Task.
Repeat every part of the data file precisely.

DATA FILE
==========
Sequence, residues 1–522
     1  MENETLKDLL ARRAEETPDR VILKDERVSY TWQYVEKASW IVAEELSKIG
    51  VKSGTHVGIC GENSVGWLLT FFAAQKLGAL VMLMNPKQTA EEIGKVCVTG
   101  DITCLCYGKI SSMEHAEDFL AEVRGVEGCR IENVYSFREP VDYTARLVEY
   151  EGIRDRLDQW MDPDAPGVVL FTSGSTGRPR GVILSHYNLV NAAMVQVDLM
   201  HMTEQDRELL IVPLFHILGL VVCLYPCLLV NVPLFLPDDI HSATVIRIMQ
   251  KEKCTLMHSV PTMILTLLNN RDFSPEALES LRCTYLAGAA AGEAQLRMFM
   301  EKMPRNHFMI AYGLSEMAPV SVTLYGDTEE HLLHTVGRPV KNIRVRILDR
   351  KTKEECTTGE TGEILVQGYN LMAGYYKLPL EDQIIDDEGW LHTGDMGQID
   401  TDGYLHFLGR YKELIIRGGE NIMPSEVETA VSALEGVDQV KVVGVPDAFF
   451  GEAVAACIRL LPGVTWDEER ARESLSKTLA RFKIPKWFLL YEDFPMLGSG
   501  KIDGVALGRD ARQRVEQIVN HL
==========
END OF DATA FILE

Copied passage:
Sequence, residues 1–522
     1  MENETLKDLL ARRAEETPDR VILKDERVSY TWQYVEKASW IVAEELSKIG
    51  VKSGTHVGIC GENSVGWLLT FFAAQKLGAL VMLMNPKQTA EEIGKVCVTG
   101  DITCLCYGKI SSMEHAEDFL AEVRGVEGCR IENVYSFREP VDYTARLVEY
   151  EGIRDRLDQW MDPDAPGVVL FTSGSTGRPR GVILSHYNLV NAAMVQVDLM
   201  HMTEQDRELL IVPLFHILGL VVCLYPCLLV NVPLFLPDDI HSATVIRIMQ
   251  KEKCTLMHSV PTMILTLLNN RDFSPEALES LRCTYLAGAA AGEAQLRMFM
   301  EKMPRNHFMI AYGLSEMAPV SVTLYGDTEE HLLHTVGRPV KNIRVRILDR
   351  KTKEECTTGE TGEILVQGYN LMAGYYKLPL EDQIIDDEGW LHTGDMGQID
   401  TDGYLHFLGR YKELIIRGGE NIMPSEVETA VSALEGVDQV KVVGVPDAFF
   451  GEAVAACIRL LPGVTWDEER ARESLSKTLA RFKIPKWFLL YEDFPMLGSG
   501  KIDGVALGRD ARQRVEQIVN HL